Crions, courils (kouril, koril), or gorics are species of goblins in the folklore of French Brittany .
Like the nains, these smaller beings inhabit abandoned Druidical monuments or dwell beneath the foundations of ancient castles. Carnac is sometimes alluded to in Breton as 'Ty C’harriquet,' 'the House of the Gorics,' the country-folk in this district holding the belief that its megalithic monuments were reared by these manikins, whom they describe as between two and three feet high, but
Every night the gorics dance in circles round the stones of Carnac, and should a mortal interrupt their frolic he is forced to join in the dance, until, breathless and exhausted, he falls prone to the earth amid peals of mocking laughter.
Like the nains, the gorics are the guardians of hidden treasure, for the tale goes that beneath one of the menhirs of Carnac lies a golden hoard, and that all the other stones have been set up the better to conceal it, and so mystify those who would discover its resting-place. A calculation, the key to which is to be found in the Tower of London, will alone indicate the spot where the treasure lies.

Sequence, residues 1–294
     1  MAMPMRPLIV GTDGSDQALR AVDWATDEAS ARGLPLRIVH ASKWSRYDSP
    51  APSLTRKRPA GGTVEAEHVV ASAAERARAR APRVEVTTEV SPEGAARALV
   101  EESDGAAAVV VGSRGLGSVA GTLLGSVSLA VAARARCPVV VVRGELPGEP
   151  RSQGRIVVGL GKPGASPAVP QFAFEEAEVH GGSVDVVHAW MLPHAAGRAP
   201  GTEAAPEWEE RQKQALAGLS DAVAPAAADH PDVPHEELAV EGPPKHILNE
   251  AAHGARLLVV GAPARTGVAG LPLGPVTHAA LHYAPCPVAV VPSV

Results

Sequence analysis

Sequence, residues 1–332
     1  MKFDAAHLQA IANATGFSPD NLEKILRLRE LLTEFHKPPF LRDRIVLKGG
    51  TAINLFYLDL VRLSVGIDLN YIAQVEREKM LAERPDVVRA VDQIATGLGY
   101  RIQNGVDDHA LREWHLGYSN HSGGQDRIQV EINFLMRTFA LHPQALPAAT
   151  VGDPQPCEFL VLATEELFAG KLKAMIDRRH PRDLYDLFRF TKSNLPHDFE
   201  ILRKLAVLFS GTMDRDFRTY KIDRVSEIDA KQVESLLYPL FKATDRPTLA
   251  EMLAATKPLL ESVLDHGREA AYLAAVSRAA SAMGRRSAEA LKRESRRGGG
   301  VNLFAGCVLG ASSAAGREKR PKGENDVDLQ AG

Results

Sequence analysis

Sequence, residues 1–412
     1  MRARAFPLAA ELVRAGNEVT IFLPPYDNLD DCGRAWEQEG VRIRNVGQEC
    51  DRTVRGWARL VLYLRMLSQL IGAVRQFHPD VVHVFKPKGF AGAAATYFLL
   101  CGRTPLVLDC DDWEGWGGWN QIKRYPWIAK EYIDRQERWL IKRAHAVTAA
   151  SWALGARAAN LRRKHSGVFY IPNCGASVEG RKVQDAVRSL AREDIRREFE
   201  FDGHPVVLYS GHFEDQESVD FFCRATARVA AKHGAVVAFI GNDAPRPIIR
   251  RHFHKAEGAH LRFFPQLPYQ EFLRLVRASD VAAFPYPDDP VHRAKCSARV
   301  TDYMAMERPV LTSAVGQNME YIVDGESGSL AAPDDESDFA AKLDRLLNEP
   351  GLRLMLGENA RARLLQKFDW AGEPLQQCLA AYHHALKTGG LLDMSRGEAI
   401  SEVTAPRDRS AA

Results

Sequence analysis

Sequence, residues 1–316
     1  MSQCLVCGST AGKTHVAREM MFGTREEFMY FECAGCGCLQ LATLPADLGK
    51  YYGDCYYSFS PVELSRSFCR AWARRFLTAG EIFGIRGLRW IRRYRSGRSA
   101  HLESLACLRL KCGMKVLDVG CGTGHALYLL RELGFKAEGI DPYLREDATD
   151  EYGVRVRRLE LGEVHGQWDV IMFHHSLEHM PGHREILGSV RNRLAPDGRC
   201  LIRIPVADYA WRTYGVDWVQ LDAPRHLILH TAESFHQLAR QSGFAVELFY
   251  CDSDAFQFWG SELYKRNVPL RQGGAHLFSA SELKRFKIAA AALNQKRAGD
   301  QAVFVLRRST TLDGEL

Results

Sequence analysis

The courils are peculiar to the ruins of Tresmalouen. Like the gorics, they are fond of dancing, and they are quite as malignantly inclined toward the unhappy stranger who may stumble into their ring. The castle of Morlaix, too, is haunted by gorics not more than a foot high, who dwell beneath it in holes in the ground. They possess treasures as great as those of the gnomes of Norway or Germany, and these they will sometimes bestow on lucky mortals, who are permitted,, however, to take but one handful. If a person should attempt to seize more the whole of the money vanishes, and the offender's ears are soundly boxed by invisible hands.